Euro 2020

Euro 2020: Have the favourites been helped by the delay?

Using Opta data, Stats Perform takes a look at how the Euro 2020 favourites have been helped by the tournament's postponement due to the covid-19 pandemic.

Euro 2020: Have the favourites been helped by the delay?

A hectic, congested year of football culminates in the delayed European Championship, which starts on June 11 when Turkey take on Italy in Rome.

Euro 2020, hosted in 11 cities spread across the continent, was meant to be a celebration of the 60th anniversary of UEFA's international tournament. Instead, the coronavirus pandemic derailed the plans, forcing the postponement of the event until 2021.

Though the qualified teams had been readying themselves to play last year, and the pandemic has forced a much-altered football calendar in 2020-21, some countries may have benefitted from the delay.

For others, it may be a case of what might have been. Here, using Opta data, Stats Perform looks at how the main favourites to go all the way have been boosted by the postponement

Belgium

Romelu Lukaku – Belgium's record scorer – has built on a brilliant debut season with Inter, going on to help the Nerazzurri claim the Scudetto, with the 28-year-old netting 24 times in Serie A (a tally bettered only by Cristiano Ronaldo), at an average of one goal per 120 minutes, and providing 11 assists in the process.

Another player who has gone from strength to strength in 2020-21 has been Youri Tielemans, who lashed in an exceptional strike to win Leicester City's first FA Cup. The midfielder racked up 4,438 minutes of playing time, the sixth-highest total in Europe's top five leagues, so Roberto Martinez – whose future is uncertain – may have to manage him carefully.

England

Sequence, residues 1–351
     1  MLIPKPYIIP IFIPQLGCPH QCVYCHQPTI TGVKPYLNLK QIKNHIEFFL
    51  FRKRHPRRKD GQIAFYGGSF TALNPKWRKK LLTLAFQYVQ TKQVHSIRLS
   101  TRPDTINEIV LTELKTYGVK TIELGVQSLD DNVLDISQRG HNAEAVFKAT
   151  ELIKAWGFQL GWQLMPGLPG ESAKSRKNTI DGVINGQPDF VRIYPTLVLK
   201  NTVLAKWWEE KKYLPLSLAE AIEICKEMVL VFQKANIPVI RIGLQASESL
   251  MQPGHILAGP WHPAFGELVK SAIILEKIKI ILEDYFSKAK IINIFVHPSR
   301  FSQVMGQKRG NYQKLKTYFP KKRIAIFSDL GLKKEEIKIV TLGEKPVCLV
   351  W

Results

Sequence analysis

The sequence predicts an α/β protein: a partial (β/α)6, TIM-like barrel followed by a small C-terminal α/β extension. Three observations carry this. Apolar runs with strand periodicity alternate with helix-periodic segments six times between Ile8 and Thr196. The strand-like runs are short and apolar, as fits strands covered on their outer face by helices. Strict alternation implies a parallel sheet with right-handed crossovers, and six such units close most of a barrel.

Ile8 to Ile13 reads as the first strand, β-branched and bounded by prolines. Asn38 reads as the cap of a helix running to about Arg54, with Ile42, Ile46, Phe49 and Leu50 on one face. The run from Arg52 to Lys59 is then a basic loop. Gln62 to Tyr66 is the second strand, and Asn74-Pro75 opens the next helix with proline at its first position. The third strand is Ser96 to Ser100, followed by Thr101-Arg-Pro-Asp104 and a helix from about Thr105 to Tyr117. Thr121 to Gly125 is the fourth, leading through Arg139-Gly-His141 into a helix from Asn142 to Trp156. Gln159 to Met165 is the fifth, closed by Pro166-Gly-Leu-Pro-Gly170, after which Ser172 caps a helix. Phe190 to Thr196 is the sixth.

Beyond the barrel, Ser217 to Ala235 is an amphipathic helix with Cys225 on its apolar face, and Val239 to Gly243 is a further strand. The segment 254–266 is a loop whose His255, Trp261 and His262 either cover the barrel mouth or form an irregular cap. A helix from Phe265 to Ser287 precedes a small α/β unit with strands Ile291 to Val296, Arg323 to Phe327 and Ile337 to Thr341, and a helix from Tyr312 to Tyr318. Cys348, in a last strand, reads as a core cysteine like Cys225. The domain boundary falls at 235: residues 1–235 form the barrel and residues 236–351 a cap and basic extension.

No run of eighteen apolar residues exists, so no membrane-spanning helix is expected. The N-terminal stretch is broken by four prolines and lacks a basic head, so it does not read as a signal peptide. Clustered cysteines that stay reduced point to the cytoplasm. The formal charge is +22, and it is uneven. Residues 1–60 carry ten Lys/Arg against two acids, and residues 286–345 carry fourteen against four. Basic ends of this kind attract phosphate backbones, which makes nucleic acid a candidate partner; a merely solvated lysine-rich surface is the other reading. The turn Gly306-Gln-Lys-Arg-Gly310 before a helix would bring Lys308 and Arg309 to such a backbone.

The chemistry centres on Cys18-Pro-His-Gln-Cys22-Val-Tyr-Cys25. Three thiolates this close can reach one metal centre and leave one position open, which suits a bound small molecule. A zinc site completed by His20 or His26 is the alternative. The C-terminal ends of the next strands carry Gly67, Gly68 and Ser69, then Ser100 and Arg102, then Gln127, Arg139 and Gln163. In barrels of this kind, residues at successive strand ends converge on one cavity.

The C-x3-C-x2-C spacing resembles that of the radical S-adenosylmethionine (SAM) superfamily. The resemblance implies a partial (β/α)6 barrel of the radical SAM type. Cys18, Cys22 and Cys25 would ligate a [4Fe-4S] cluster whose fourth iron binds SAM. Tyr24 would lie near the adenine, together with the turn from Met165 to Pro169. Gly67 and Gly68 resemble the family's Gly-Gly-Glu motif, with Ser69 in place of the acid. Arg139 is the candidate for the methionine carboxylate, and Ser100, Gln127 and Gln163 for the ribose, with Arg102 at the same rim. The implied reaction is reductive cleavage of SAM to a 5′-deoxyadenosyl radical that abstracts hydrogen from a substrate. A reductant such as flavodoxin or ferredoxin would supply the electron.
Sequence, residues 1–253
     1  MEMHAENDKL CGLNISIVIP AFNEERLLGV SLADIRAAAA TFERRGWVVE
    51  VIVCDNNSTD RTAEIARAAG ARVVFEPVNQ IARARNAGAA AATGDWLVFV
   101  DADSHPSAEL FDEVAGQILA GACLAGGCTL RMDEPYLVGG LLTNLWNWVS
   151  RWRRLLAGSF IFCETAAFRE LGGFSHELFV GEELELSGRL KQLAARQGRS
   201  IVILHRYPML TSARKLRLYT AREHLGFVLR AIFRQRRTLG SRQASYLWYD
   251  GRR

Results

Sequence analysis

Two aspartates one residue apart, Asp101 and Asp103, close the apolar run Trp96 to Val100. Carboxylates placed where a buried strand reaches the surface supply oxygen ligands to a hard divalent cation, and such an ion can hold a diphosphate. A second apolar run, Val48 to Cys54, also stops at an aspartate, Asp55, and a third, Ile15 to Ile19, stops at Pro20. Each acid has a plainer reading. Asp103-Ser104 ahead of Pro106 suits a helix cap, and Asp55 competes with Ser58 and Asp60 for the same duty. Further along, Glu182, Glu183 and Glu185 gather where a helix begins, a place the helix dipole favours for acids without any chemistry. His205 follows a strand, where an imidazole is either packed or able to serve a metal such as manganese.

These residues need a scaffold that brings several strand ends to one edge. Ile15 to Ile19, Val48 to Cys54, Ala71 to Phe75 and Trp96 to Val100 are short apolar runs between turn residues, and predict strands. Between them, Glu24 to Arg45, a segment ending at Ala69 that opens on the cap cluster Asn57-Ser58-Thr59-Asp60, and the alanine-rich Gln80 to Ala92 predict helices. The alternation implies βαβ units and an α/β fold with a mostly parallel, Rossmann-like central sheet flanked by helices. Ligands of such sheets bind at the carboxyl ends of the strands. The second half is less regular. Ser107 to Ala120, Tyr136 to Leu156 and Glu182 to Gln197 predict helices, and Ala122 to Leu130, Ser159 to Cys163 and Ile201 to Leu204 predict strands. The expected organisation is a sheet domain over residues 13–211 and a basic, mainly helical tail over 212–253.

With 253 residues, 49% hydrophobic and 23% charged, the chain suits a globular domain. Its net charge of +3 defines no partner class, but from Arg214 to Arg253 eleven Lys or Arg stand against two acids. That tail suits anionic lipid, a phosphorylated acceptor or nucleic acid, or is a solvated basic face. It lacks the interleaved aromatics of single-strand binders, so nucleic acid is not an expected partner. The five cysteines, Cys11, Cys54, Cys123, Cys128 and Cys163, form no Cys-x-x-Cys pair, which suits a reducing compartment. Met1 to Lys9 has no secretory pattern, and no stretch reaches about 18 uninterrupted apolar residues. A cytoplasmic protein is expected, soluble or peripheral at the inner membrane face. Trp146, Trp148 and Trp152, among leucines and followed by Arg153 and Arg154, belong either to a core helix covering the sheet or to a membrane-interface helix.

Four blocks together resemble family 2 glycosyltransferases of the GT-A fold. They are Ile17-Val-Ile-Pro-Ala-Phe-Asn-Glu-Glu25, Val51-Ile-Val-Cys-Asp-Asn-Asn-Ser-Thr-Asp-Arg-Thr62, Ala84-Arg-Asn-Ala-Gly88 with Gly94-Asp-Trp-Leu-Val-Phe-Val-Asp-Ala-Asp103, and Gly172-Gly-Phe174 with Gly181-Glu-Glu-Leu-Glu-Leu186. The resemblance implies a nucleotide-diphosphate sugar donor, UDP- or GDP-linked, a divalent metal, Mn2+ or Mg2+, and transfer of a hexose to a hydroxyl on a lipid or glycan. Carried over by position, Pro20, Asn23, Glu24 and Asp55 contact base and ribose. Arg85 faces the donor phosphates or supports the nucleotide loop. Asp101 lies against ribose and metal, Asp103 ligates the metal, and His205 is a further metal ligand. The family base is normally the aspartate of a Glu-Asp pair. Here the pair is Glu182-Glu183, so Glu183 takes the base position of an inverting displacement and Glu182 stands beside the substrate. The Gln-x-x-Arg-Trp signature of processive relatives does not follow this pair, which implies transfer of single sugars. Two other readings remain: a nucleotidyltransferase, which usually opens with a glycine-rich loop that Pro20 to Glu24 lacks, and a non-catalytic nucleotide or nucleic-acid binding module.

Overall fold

Gareth Southgate named a 33-man provisional squad, and while the England boss does have doubts over the fitness of some key stars, he cannot complain at the wealth of talent at his disposal, with several players having come to the fore in the last year.

John Stones is back to his best, and right-backs Kyle Walker and Kieran Trippier have won titles in England and Spain respectively. Ahead of them, Jude Bellingham – who could become the youngest Three Lions player to appear at the Euros – had an outstanding season with Borussia Dortmund, though it is in attack where Southgate really is spoilt for choice.

Harry Kane won the Premier League golden boot and topped the assist charts, while back-up Dominic Calvert-Lewin registered a top-flight goal every 179.63 minutes. Behind them, Phil Foden and Mason Mount are talismanic figures Champions League finalists City and Chelsea, while Jack Grealish created 81 chances – the third highest in the division – for Aston Villa, despite missing 12 games through injury.

France

England's options somewhat pale in comparison to the depth Didier Deschamps has to play with. Eduardo Camavinga looked set to be one of the youngsters to break onto the scene for Les Bleus, but the Rennes teenager has not even made the squad for the rearranged tournament, while Anthony Martial is another big name to miss out.

Kylian Mbappé reached last season's Champions League final and has gone on to score 42 goals in 47 appearances across all competitions this term, averaging a strike every 89 minutes, while Antoine Griezmann is looking sharp.

As if it was not enough, Deschamps has also recalled Karim Benzema, who scored 30 goals in all competitions for Real Madrid to earn his first call up in over five years. In midfield, N'Golo Kanté has been spectacular for Champions League winners Chelsea, with only six Premier League midfielders who have attempted over 75 tackles recording a higher success rate than his 53.16.